Chapter 10: The Battle Between the Demigods and Vritrâsura
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    Welcome, Guest · RSS 2019-07-20, 4:47 PM

    Chapter 10: The Battle Between the Demigods and Vritrâsura

    (1) The son of Vyâsa said: 'The Supreme Lord Hari, the Original Cause of the cosmic manifestation, after thus having instructed Indra then disappeared from before the eyes of the devoted. (2) When the son of Atharvâ [Dadhîci], the saint, as was told was beseeched by the godly, the great personality, slightly amused, with a smile said the following oh son of Bharata. (3) 'Oh souls of God, don't you know that all embodied beings when they die have to suffer an unbearable, intense pain that takes away their consciousness? (4) All souls struggle to remain alive and the body they desired in this world is very dear to them. Who would be willing to give away his body, even to Lord Vishnu if He asked for it?'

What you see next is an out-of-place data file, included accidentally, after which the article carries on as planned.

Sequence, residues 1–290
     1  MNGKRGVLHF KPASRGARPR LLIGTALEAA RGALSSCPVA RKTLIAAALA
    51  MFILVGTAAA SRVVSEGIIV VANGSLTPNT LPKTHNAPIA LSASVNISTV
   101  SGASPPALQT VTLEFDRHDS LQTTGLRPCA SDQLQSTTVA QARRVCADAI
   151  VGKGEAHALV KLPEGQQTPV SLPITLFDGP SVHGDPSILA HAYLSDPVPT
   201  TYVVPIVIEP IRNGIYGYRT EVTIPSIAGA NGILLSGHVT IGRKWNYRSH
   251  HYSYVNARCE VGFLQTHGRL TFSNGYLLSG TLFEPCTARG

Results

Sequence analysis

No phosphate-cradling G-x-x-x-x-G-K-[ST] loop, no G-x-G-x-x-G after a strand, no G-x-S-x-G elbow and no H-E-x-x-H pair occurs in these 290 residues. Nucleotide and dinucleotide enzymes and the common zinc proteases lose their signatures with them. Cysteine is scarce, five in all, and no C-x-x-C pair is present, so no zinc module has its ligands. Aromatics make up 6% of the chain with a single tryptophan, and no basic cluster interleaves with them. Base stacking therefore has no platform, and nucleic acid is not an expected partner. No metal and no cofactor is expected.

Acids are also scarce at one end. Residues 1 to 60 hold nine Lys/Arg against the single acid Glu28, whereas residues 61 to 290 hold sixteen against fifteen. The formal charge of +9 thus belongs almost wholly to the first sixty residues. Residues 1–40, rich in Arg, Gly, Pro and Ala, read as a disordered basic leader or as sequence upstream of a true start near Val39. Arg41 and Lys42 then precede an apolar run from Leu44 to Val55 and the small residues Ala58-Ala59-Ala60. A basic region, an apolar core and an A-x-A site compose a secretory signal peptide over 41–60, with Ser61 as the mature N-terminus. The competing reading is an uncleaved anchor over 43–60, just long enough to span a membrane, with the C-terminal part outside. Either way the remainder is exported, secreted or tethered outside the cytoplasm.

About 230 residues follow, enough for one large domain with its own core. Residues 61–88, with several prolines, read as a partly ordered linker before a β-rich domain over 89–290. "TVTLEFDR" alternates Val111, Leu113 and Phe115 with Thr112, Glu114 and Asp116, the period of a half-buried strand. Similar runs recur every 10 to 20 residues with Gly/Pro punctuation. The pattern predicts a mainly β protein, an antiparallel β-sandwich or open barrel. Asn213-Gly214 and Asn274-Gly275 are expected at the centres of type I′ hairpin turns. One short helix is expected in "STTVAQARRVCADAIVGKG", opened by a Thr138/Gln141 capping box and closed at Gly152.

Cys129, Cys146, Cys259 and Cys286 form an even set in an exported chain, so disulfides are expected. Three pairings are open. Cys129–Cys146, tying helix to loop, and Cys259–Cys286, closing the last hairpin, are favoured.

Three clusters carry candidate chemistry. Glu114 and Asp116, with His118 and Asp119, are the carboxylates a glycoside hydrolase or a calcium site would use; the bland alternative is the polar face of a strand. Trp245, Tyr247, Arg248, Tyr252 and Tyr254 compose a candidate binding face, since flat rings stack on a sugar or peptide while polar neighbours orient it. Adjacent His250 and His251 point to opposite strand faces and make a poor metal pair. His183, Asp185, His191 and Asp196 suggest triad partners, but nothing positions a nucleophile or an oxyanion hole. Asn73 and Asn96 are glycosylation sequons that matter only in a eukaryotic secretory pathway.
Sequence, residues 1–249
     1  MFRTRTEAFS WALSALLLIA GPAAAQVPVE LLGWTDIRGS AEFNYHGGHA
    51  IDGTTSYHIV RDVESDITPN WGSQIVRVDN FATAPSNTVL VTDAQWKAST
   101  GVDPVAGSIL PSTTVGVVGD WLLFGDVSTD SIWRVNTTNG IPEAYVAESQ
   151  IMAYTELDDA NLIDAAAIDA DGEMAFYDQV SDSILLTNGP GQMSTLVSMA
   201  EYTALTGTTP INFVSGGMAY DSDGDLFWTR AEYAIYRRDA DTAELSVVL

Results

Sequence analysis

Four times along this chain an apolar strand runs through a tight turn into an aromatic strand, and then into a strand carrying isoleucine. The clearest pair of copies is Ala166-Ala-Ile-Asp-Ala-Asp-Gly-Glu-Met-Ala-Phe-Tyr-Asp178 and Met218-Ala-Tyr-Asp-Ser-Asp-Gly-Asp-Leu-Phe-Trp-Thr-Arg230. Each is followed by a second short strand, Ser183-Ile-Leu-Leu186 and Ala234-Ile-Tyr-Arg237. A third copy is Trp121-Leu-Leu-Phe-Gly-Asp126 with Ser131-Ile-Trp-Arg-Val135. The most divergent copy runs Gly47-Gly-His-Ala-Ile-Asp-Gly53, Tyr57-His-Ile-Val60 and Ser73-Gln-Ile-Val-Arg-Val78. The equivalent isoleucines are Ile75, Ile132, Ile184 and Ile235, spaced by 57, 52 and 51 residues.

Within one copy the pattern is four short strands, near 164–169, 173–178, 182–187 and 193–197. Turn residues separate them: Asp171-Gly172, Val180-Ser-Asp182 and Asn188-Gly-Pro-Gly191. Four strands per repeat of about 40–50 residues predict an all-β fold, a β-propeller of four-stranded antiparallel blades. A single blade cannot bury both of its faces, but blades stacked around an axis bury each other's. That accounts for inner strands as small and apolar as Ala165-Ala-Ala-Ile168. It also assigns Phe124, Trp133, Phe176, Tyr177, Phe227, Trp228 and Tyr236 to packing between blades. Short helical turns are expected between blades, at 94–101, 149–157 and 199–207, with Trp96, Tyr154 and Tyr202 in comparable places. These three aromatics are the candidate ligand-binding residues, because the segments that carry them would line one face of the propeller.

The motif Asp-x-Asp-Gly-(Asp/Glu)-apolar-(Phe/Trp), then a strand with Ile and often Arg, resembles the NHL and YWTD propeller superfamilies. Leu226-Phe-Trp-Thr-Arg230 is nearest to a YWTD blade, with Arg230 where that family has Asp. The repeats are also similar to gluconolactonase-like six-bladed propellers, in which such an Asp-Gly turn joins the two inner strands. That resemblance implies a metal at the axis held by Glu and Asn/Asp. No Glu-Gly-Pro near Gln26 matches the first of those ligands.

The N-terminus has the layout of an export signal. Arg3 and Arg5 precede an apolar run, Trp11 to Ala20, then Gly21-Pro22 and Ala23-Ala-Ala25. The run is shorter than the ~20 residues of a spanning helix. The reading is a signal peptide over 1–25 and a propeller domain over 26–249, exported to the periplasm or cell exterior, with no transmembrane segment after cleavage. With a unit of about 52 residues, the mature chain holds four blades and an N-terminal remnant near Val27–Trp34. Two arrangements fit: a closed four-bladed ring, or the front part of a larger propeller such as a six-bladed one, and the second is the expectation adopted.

(5) The gods said: 'What would there be too difficult oh brahmin, for persons as great as your holiness, whose virtues are sung by all and who are of mercy towards all? (6) People running after their self-interest do not know what trouble they cause to other people. If they would know they wouldn't make their demands. But if one [knows about the misery of others and] is capable of giving, one won't say no but comply.'

    (7) The honorable saint said: 'Just to hear from you what would be the dharma [in this matter], I was opposing you. I will give up this dear body for you [though]. I sooner or later have to give it up anyway. (8) Anyone who with the impermanence of the body oh Lords, not full of mercy for each and all endeavors for honorability and religious principles, is a person pitiable even to the immobile creatures [like the tolerant trees, see also the S'rî S'rî Shadgosvâmî-ashthaka]! (9) By the meritorious ones of renown this much is recognized as the imperishable dharma: dharmic is the soul who laments over the distress of other living beings and feels happy upon their happiness. (10) Away with the misery, away with the difficulty! Because a physical body can perish any moment and be eaten by the jackals it wouldn't help [to hold on to it], it is not there for myself - a mortal is there with his body [in order to give his life] for that what is his own [for what he stands for] and for the ones he knows [his relatives and friends, see also S.B. 10.22: 35].'